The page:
Foreign property reporting required even if no tax return
A Canadian resident is required to file the Form T1135 for each taxation year in which the person owns foreign investment property with a total cost of over $100,000 at any time during the year. The requirement does not extend to personal property such as a foreign home that is not used for income-earning purposes.
Interestingly, and as confirmed in the recent Samson and Hillard case, the filing requirement applies even if you are not required to file an income tax return for the year (say, because you don’t owe any tax for the year). The taxpayers in that case were a husband and wife who each owned foreign investment property over the $100,000 threshold in the four taxation years at issue. They were not required to file income tax returns for those years owing to significant loss carryovers from their foreign and Canadian rental properties. Nonetheless, the Tax Court of Canada held that the T1135 filing requirement applied, and the penalties assessed by the CRA to the taxpayers for the failure to file was upheld.
The taxpayers argued that a “due diligence” exception should apply in their case because they were reasonable in their belief that the T1135 filing was not required because they were not required to file income tax returns. The Tax Court did not allow the exception. Basically, the Tax Court found that the taxpayers were relatively sophisticated investors who had significant dealings with income tax matters in the past, including correspondence from the CRA that indicated the filing requirement. Their appeal was dismissed.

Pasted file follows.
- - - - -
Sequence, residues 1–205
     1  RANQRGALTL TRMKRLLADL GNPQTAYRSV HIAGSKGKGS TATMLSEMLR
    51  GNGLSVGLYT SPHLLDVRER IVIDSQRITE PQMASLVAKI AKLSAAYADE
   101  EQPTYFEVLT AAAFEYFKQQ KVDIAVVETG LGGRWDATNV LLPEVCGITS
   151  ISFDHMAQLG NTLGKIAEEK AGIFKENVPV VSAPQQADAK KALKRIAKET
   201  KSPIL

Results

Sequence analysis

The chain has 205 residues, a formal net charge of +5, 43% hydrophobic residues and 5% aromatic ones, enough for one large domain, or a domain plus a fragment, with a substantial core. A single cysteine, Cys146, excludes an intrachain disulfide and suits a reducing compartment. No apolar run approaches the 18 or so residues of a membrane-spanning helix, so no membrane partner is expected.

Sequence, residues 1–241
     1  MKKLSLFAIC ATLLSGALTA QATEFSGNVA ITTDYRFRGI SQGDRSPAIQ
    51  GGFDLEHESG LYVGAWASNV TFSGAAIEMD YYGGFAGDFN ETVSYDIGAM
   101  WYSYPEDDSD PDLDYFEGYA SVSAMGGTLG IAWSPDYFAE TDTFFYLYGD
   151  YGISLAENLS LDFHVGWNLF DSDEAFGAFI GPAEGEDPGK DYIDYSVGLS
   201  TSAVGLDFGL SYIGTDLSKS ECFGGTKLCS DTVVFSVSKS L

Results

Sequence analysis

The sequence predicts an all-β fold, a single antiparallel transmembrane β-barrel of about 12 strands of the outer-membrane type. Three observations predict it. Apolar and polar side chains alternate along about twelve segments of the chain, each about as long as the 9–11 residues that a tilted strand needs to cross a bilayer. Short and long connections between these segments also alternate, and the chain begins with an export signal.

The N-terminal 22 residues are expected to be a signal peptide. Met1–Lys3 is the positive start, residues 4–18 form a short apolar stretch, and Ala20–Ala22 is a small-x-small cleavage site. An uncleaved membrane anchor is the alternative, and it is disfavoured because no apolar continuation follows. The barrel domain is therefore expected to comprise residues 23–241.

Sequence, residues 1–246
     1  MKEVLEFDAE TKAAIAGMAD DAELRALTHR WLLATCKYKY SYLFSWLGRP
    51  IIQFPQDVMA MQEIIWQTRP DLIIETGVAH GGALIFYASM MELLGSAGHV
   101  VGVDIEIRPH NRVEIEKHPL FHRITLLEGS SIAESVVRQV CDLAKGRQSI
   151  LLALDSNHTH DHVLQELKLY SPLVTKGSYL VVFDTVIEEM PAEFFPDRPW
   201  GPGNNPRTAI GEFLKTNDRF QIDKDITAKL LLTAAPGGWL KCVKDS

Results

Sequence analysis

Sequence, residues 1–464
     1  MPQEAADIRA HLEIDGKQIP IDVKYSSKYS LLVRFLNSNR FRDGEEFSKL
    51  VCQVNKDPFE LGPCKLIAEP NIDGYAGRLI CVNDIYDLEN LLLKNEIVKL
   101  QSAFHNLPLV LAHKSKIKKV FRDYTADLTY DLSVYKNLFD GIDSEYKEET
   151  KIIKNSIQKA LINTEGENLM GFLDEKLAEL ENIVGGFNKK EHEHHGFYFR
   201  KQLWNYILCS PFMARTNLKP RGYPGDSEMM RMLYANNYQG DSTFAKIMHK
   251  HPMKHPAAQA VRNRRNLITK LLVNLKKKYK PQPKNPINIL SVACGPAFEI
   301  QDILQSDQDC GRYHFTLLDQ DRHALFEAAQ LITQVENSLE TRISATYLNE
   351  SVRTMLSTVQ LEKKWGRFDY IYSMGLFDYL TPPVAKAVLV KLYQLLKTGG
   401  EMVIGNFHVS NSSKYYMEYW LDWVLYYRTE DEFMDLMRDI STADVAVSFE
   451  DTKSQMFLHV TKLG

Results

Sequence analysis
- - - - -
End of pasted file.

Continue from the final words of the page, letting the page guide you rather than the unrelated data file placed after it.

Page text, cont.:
Calculation of stock option benefit with us company shares
Under the employee stock option rules, an employment benefit arises when you exercise the option and acquire the underlying shares. Generally, the benefit equals the amount by which the value of the shares when you acquire them exceeds the amount paid by you to acquire them (the “exercise price” under the option). In many cases, you can deduct one-half of the benefit in computing your taxable income (so that the benefit is effectively taxed at the same rate as a capital gain). The benefit is normally included in income in the year of exercise (or in the year in which you sell the shares if they are shares in a Canadian-controlled private corporation).
In the recent Ferlaino case, the taxpayer was an employee of a Canadian subsidiary of a US parent corporation. The US parent granted him some stock options, which he subsequently exercised. Since the shares were denominated in US dollars, he had to convert the relevant amounts to Canadian dollars to report the benefit on his Canadian tax return.
The taxpayer computed the Canadian dollar value of the shares at the time he acquired them using the Canada-US exchange rate in effect at that time. The CRA agreed that this was appropriate. However, the taxpayer computed his Canadian cost of acquiring the shares using the Canada-US exchange rate in effect at the time the option was granted. The CRA re-assessed the taxpayer, arguing that the appropriate method was to use the exchange rate in effect at the time the taxpayer acquired the shares (which resulted in a greater stock option benefit).
On appeal, the Tax Court of Canada sided with the CRA. The Court reviewed the relevant rules in the Income Tax Act and concluded that the exchange rate in effect at the time the shares were acquired was the correct rate.
This letter summarizes recent tax developments and tax planning opportunities; however, we recommend that you consult with an expert before embarking on any of the suggestions contained in this letter, which are appropriate to your own specific requirements.